Monday, March 30

When science goes wrong..or why I find this women's take on breastfeeding so irritating

I did another one of those link hopping things today. Followed a post from one place to another and finally ended up on the Atlantic Monthly's page.

There is an article from the upcoming issue about breastfeeding.

It's titled: The Case Against Breastfeeding

It made me want to throw a few things at my computer.

I decided that my computer was not to blame, and neither is the woman who wrote the article.

She actually makes several good points.

Women often face enormous amount of social pressure to do the right thing for their children, even when the 'right' thing can really be one of many things.

Women are often blamed for doing too little (Uh oh. Cold mother? Your child's autism is a reaction), too much (Clingy mother? You've made your son gay!) or things that are just plain bad (A glass of wine? Shame on you! Your child's delay is your fault!).

While I'm not advocating for being a non-responsive/overly-aggressive/drinker during pregnancy and childrearing, there's a pretty good body of evidence that women cannot and should not be blamed for the complexity that is human growth and development.

Anyway, back to my rant about the breastfeeding article.

The author, Hanna Rosin, spends most of the first page talking about the difficulties of being shackled to her baby during its breastfeeding months.

She points out that women are ostracized if they choose to bottle feed, and that scare tactics are used to keep women breastfeeding lest they create undernourished, stupid acne ridden children.

She's right about the weak evidence that links IQ or acne to breastfeeding practices.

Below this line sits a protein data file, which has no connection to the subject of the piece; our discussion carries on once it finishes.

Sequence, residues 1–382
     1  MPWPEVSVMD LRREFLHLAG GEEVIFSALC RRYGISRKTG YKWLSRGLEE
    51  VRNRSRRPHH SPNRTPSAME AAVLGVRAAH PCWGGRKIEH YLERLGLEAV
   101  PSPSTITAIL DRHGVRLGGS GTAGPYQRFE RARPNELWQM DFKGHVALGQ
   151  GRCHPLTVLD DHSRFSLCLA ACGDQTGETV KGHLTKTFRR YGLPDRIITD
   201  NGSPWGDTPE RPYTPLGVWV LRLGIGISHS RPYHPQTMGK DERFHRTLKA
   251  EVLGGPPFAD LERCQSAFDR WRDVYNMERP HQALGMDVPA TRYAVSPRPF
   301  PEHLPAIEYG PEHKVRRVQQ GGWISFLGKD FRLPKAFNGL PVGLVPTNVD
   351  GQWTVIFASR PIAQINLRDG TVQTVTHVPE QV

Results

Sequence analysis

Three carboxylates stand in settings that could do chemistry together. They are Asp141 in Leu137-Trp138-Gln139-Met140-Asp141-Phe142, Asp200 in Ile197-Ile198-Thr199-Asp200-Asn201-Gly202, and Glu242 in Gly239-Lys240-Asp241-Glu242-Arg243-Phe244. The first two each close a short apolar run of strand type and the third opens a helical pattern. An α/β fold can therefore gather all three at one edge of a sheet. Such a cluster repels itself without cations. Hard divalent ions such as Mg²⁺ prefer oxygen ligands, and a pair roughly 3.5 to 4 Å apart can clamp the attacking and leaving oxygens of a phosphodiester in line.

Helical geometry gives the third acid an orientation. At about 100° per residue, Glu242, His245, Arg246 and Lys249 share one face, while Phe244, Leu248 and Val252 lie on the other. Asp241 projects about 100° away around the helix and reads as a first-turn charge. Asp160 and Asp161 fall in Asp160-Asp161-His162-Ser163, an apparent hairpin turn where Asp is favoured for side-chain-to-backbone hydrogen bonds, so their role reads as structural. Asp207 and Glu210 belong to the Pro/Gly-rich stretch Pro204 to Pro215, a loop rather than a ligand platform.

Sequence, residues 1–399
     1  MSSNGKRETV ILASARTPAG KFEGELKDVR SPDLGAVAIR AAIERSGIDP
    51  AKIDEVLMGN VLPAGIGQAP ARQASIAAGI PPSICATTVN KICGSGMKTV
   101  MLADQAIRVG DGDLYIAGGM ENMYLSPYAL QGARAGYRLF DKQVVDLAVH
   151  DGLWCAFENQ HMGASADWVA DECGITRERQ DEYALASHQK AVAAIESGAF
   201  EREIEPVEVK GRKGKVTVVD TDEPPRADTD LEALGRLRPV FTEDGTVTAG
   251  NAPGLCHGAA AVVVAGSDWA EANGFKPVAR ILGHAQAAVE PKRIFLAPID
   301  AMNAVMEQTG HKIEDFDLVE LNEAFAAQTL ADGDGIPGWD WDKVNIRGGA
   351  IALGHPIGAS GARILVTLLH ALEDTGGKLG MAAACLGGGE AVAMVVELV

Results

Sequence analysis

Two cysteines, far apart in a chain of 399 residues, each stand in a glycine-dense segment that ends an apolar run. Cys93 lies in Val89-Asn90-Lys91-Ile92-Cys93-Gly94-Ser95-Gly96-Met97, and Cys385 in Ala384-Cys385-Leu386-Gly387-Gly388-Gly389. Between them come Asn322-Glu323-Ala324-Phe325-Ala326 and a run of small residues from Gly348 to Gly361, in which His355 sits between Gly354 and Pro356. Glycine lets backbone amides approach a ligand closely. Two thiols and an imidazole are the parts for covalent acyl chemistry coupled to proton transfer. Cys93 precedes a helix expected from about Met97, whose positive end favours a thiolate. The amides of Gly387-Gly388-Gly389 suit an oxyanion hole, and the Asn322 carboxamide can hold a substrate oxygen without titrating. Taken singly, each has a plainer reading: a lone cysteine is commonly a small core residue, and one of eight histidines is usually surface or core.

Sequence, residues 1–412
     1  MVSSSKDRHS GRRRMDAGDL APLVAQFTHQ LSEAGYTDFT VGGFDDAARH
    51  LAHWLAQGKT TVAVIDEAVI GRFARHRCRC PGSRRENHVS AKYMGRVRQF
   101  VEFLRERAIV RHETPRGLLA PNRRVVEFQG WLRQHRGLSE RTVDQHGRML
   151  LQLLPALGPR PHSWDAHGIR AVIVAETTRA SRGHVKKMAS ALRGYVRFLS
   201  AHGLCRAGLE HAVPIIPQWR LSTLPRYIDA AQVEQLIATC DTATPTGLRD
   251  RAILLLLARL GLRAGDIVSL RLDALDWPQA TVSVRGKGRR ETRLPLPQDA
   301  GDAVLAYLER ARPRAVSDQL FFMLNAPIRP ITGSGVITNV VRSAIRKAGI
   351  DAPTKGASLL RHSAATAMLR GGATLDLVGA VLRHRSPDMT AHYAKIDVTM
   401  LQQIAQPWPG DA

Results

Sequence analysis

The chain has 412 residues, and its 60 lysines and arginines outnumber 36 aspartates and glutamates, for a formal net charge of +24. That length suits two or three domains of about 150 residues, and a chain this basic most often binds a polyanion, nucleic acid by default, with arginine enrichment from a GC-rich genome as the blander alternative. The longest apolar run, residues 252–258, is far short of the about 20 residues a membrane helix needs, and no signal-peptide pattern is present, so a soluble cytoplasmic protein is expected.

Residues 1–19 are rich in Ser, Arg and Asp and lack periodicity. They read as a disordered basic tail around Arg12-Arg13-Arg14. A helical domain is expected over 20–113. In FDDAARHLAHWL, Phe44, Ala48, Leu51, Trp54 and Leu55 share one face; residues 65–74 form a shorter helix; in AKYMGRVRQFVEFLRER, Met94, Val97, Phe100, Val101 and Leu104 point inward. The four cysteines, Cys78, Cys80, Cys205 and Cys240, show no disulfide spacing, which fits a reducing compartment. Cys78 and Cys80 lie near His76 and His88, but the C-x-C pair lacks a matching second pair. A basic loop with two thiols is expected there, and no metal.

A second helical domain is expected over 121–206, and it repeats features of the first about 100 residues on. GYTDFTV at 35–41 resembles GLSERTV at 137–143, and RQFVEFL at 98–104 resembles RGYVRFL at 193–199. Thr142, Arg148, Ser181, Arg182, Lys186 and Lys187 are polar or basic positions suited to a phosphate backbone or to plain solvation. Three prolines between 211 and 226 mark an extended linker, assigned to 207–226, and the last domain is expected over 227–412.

She's right about how her baby would likely grow up to be equally intelligent, happy etc whether she bottle feeds him or not.

But she's forgetting that she's obviously living in a rather lovely bubble, vacuum cleaners and all forms of male oppression included.
She has high SES, which is the great equalizer for many other things.

Lead poisoning in your child? High SES will help ensure that their IQ remains along a normal path (not so if you're low SES).
Bottle fed or breastfed? Probably doesn't matter if you have enough money for good food, schools and ongoing parental involvement.

But she totally erases the expediences of many women, both in the US and around the world who cannot rely upon their wealth and status as the great equalizer for their children.

Maybe breastfeeding does not give your baby extra IQ points (and maybe it does! weak evidence does not mean no impact..just need more info!).

But in countries where the infant mortality rate is 7x (or even higher) that of the United States, early and exclusive breastfeeding has been found to be one of the most effective ways to save lives.

So while it's something worthy of a healthy debate among the playgroup tight jean set that Ms. Rosin so cleverly mocks, it's literally a matter of life and death for infants around the world and even in Ms. Rosin's own city.

So while I don't disagree with her characterization of breastfeeding as a personal decision (one for which women should not be shamed or ostracized no matter the outcome), it's rather upsetting that she repeatedly compares this important and life saving measure to vacuum cleaning.

I'd love to go toe to toe with her mountain of research.
I'm pretty sure my 'saves lives' research is more compelling in the argument for breastfeeding than the evidence against because it may or may not help prevent acne.

2 comments:

Brian said...

Did you see Salma Hayek breast feed that baby in Africa? That was crazy. Kristin loved it.

SasZ said...

I did! I thought it was awesome.